Comedian Nikki Glaser Has a Complicated Relationship With Makeup

Old-school beauty standards don't sit well with the standup stunner, but it seems like she is stuck with them for now. 

Nikki Glaser
Photo: Luke Fontana

Let me be clear: I resent feeling the need to wear makeup. Since I work in an industry that rewards physical beauty — especially women’s — I simply must have a beauty routine. But I’ve got other things to do, so I’m not letting the drill take up too much of my time.

During the week my schedule is tight. I go from filming my daily radio show in the morning to working on my new E! show, Nikki Glaser Is Obsessed, to writing things like this and trying to see a therapist every now and then. At night I do a couple of sets somewhere, like the Comedy Cellar. Then on weekends I travel the country for my Bang It Out stand-up tour, and I’m back in New York by Sunday night. So when it comes to beauty, I prioritize the two things that I can do as a pasty, overworked, dry-skinned, acne-prone, frizzy-haired basic bitch to elevate my hotness. No. 1 is get a spray tan. I hate to say it, but when I look tan, I genuinely feel more deserving of love. It covers up my acne scars, my uneven skin tone, and the bags under my eyes like nothing else. I go dark, which, I’ll be honest, by the third day makes me look like a lizard shedding its skin. But even then I’d rather look reptilian than unlovable.

The second way I go up at least three points on the hotness scale is by accentuating my lashes. Mascara is an obvious essential, but false lashes are a game changer. Every woman on TV wears falsies. If you don’t, you look like the only other people on camera who don’t wear them: men. Eyelash serum also helps give me length. I think it’s ruining my eyesight, so although I can’t always see through the blurry haze, I hear my lashes are incredible.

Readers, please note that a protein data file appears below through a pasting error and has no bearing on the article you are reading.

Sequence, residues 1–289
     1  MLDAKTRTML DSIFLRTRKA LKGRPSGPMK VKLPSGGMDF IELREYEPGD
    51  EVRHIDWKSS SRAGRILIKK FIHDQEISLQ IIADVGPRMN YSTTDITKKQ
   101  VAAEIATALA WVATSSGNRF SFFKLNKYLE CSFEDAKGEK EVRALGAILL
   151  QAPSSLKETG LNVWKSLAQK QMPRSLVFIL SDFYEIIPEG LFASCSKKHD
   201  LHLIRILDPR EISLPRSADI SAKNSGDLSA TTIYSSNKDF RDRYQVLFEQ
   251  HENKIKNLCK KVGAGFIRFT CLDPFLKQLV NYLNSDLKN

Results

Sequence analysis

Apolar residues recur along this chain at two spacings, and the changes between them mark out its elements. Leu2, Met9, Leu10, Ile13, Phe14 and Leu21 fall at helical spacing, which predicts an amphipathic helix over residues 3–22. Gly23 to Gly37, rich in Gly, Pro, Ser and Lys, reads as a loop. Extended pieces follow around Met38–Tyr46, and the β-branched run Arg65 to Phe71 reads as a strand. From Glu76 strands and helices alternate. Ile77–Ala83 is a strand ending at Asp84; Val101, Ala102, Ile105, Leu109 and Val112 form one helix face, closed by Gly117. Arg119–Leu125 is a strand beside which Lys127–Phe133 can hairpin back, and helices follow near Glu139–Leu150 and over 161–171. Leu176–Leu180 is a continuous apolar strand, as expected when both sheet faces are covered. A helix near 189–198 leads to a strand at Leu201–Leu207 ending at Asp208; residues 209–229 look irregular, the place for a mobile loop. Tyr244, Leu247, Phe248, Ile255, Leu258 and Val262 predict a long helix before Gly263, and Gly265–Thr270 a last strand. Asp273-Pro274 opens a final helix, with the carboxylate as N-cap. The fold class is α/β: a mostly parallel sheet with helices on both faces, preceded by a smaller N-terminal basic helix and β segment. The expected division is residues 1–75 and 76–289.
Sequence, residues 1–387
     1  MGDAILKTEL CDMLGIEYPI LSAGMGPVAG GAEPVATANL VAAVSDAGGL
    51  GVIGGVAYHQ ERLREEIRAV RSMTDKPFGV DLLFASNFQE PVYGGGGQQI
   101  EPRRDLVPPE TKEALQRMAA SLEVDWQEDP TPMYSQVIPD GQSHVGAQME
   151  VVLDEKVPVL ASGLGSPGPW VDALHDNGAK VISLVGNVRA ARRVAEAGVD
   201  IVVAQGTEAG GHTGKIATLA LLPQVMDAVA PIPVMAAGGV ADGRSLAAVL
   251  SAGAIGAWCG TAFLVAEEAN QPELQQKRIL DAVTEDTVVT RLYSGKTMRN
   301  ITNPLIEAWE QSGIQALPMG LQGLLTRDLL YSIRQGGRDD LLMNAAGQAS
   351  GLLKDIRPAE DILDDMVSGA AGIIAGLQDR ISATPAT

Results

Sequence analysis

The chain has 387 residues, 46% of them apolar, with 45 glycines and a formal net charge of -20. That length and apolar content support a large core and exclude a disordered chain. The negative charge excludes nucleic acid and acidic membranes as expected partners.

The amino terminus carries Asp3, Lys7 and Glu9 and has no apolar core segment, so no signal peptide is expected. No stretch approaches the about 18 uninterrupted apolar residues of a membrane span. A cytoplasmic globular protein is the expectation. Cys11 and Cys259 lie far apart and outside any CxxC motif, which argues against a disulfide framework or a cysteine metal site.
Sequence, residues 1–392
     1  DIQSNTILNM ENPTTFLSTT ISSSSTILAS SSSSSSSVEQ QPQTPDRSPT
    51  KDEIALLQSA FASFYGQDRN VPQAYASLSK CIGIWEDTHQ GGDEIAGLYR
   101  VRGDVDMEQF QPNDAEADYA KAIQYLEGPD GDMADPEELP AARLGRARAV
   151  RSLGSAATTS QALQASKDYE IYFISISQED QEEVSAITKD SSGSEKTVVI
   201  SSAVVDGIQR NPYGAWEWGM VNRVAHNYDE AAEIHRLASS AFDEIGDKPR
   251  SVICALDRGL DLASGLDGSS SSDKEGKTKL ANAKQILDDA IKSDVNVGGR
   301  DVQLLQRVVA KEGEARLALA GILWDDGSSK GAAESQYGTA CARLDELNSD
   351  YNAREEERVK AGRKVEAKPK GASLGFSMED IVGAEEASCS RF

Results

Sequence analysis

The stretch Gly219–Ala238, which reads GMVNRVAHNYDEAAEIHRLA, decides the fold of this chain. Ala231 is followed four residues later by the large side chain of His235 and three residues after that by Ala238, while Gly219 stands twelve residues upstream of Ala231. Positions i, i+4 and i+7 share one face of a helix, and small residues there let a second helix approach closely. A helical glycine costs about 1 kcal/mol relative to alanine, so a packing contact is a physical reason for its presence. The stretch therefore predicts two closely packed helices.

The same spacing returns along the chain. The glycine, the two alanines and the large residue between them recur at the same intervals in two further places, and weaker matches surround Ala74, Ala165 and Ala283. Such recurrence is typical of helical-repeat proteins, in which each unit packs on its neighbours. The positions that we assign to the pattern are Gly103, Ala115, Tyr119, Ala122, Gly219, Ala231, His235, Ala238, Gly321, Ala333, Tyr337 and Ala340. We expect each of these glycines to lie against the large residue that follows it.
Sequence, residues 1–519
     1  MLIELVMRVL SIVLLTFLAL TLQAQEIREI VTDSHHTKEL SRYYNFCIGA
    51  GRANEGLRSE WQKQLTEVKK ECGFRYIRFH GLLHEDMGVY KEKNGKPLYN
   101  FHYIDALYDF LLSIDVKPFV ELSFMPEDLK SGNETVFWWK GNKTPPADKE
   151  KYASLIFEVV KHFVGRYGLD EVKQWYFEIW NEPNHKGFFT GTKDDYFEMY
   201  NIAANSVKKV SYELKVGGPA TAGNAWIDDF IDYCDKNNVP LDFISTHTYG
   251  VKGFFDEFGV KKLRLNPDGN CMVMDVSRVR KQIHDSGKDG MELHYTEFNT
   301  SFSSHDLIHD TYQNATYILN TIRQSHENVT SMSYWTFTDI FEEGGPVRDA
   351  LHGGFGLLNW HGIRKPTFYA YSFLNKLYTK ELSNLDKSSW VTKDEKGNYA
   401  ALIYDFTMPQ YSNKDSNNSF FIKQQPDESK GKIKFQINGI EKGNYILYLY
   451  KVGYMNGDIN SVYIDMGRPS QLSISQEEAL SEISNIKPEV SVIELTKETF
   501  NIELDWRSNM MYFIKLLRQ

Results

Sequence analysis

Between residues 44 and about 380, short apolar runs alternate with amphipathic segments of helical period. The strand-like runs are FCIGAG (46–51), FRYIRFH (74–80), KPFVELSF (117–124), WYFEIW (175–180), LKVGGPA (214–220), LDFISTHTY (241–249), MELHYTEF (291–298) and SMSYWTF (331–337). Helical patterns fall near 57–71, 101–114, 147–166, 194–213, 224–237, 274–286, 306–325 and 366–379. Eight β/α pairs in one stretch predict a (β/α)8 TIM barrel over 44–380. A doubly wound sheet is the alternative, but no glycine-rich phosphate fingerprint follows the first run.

Nikki Glaser
Glaser onstage in St. Louis. Photo: Courtesy Nikki Glaser

As for the rest of my face, I like to get my eyebrows tinted to avoid the time suck of having to fill them in. I go really dark on those too, since the color fades fast. I usually look like Charlie Chaplin the first day, but by Day 2 I’m feelin’ like Rooney Mara, baby!

Lately, I’ve gotten my whole makeup routine down to such a science that I can look stage-ready in about five minutes. It wasn’t always this way. I used to devote so much energy to my eye makeup alone. But spending $90 on three different brushes and a palette of 78 colors to paint a Parisian landscape on an area the size of a postage stamp is a waste of my time, money, and talent.

The conundrum is that makeup works. It makes you look better. And when you look better, people treat you better. And that feels nice! It’s hard to opt out. Even though I’m a comedian and I pride myself on my sense of humor and ability to connect with others through my material, there’s still a major part of me that feels like, “Well, if I don’t wear makeup, will I be attractive? And if I’m not attractive, will anyone pay attention?” I guess I’ll find out with age.

I do know that there will be a day when I won’t feel the need to wear makeup — and that’s the day I die. Just kidding! They put makeup on you for your funeral, so even after death you can’t escape it. Truthfully, as much as I sometimes resent being a woman in this patriarchal, superficial world, I do believe that we are incredible. I’m so damn proud of us. We have the added pressure to look a certain way. We spend time doing all these extra things that men do not have to do. And we are killing it. In reality, guys don’t get mad if you aren’t wearing makeup. They won’t be like, “Put on some rouge!” And listen, if a man is going to love me based on my makeup, then he’ll probably leave me anyway because I can’t keep this shit up forever.

This article was written as part of our May issue, and went to print before the coronavirus social-distancing guidelines went into place. Nikki Glaser's tour has been rescheduled. For more stories like this, pick up the May issue of InStyle, available on newsstands, on Amazon, and for digital download April 17.

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